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What’s entropy like inside a black hole? And how do we know that black holes have entropy in the first place?

Jacob Bekenstein suggested that the area of a black hole was *itself *a measurement of its entropy. But if black holes had entropy, they would have to emit radiation (which was thought impossible at the time). In 1973, Stephen Hawking ran calculations that showed that black holes would indeed create and emit particles.

Keep reading to learn more about black hole entropy.

## Do Black Holes Have Entropy?

**The second law of thermodynamics tells us that entropy always increases** and that the merging of two or more systems creates a higher level of entropy than was present in the original systems. For example, one can imagine a box with a partition running down the middle, with gas molecules all confined to one side of the partition. If one removes the partition (combining the two systems), the molecules will likely disburse evenly throughout the box, creating a single, less well-ordered system.

But the second law of thermodynamics doesn’t seem to apply in *all* cases, particularly when it comes to the singularity of a black hole. Remember, we can’t see into the black hole or measure the properties within it, so we don’t know what the state of entropy is inside one. Imagine you threw some entropy-containing matter into a black hole, (thus combining the system *outside *the black hole with the system *inside *the black hole). Total entropy *outside* the black hole (which is all that we are capable of measuring) would go down—a clear violation of the second law of thermodynamics.

To keep the second law intact, **we need some property of black holes that we can measure that would indicate its level of entropy and that would increase with the addition of entropy-carrying matter** into the black hole. A Princeton graduate student named Jacob Bekenstein put forward a theorem that appeared to solve this problem, building off Hawking’s discovery about the non-decreasing area of black holes. He suggested that the area of a black hole was

*itself*a measurement of black-hole entropy. The more matter that was added to the black hole (increasing its entropy), the larger the area would become. Thus, net entropy would remain the same, and the law would not be breached.

Hawking took exception to this theory, believing that Bekenstein had misused his earlier work. If a black hole did have entropy, that meant it had a temperature, which meant it emitted radiation. But this couldn’t be possible—by definition, black holes couldn’t emit *anything*. But in 1973, Hawking ran calculations that showed that black holes would indeed create and emit particles. Moreover, the mathematical proofs showed that these particle emissions were at the exact right rate required for them to conform with thermodynamics.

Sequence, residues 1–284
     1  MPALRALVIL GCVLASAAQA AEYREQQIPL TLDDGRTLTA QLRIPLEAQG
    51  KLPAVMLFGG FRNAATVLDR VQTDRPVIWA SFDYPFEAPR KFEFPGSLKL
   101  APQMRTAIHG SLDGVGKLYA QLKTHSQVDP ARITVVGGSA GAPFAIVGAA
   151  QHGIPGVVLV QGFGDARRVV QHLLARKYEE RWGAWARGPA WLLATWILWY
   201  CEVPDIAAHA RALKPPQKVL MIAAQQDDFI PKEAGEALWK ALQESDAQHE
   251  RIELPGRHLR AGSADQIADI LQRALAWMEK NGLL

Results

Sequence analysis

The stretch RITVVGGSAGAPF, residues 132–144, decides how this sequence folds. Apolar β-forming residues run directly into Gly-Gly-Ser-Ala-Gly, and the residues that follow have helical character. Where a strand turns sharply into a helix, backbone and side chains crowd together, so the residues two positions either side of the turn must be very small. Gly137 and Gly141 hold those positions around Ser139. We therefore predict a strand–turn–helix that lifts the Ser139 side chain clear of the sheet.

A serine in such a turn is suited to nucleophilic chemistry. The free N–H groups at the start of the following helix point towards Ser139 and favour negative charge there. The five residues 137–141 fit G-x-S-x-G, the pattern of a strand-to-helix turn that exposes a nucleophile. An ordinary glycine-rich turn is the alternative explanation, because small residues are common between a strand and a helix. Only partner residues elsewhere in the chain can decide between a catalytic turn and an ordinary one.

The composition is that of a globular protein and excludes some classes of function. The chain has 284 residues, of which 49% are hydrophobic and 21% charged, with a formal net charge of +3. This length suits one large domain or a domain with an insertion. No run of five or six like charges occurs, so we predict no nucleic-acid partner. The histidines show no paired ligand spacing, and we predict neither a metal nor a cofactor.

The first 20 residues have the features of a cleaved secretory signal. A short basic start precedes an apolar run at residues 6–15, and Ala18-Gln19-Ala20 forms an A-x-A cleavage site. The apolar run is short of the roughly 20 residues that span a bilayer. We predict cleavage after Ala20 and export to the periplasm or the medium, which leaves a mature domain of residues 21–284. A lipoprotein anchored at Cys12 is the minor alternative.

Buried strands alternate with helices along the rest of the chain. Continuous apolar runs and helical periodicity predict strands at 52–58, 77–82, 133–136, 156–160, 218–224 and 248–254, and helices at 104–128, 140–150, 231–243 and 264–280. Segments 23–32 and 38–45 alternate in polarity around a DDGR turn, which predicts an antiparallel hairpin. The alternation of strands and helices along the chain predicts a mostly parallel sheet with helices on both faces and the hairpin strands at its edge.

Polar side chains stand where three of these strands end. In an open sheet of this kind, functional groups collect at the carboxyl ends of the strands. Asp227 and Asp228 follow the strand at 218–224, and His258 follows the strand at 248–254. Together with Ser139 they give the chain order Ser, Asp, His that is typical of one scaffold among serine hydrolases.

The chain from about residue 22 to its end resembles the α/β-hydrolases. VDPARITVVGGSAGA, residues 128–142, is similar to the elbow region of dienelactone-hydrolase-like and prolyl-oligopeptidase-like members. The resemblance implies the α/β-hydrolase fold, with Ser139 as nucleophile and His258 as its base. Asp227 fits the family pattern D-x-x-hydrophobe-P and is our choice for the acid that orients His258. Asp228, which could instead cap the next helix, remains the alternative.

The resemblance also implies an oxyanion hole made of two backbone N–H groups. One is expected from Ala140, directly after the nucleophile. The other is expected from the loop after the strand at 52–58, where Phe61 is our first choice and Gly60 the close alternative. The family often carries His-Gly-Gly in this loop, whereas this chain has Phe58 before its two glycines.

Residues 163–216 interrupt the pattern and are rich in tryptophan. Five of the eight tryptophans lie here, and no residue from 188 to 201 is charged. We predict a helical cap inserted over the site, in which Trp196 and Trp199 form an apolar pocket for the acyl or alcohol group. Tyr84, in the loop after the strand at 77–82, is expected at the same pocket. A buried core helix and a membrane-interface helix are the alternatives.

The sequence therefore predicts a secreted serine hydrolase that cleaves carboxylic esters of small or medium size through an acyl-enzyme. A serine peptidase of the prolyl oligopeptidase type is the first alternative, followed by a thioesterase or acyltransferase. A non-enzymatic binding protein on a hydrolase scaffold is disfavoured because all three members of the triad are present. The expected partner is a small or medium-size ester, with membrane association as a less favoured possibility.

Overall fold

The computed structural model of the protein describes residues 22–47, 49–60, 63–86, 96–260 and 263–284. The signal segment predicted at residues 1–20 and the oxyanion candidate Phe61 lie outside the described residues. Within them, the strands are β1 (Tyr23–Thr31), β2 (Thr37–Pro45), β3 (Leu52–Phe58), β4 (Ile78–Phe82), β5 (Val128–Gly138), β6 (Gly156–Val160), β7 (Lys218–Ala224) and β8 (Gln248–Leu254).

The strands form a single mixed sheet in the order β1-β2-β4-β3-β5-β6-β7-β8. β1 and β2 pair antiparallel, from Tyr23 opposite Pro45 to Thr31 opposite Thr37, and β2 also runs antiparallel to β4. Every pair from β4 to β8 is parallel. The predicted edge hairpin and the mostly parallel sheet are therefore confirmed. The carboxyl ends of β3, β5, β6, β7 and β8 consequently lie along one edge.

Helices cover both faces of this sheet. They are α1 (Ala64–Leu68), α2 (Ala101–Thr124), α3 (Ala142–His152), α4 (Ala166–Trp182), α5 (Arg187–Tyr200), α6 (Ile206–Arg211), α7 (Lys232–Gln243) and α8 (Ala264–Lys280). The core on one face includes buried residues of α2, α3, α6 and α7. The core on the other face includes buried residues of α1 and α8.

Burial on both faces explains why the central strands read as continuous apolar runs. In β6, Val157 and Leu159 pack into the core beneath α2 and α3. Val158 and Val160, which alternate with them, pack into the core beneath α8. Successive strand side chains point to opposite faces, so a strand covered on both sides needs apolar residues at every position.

**Turning a Negative Into a Positive**

What could account for this? Hawking saw that the solution lay in Werner Heisenberg’s uncertainty principle. For now, all we need to know is that the uncertainty principle states that it is impossible to determine both particle velocity and position with certainty. There *are *no certainties, only *likelihoods*. Thus, **the empty space just outside the event horizon couldn’t actually be empty**, because this would mean that the velocity and position of every particle in every field (like gravity and electromagnetism) would be at zero.

Instead, there would be pairs of *virtual *particles, like gravitrons or photons. These are unseen by a particle detector, but they can be measured because of their effects on matter particles (like protons, neutrons, and electrons). Normally, such particles would find their corresponding antiparticle (a particle with the same mass, but opposite charge) and they would annihilate one another. Under normal circumstances, negative antiparticles don’t last long, because there are so many more matter particles in the universe and these matter particles always carry a positive charge—the antiparticles are quickly annihilated by their partners.

But the presence of a black hole changes this dynamic. **Near a black hole, gravity is so strong that the negative energy particle can fall in and be transformed into a real, positive energy particle**. This transformation will enable its partner particle to avoid annihilation. The “surviving” partner particle, also having positive energy, can escape the black hole region. This gives the appearance of it coming *from* the black hole itself.

The *inflow *of negative energy particles would, according to Einstein’s famous equation e=mc^{2}, decrease the mass of the black hole, seemingly decreasing entropy and violating thermodynamics. But the *outflow *of positive energy particles more than makes up for this effect, increasing net entropy and keeping the second law of thermodynamics intact. This theory would also predict that even black holes have a lifetime that ends. Their mass decreases in a final burst of emission. But this process would take many times longer than the age of the universe, so it is not observable.

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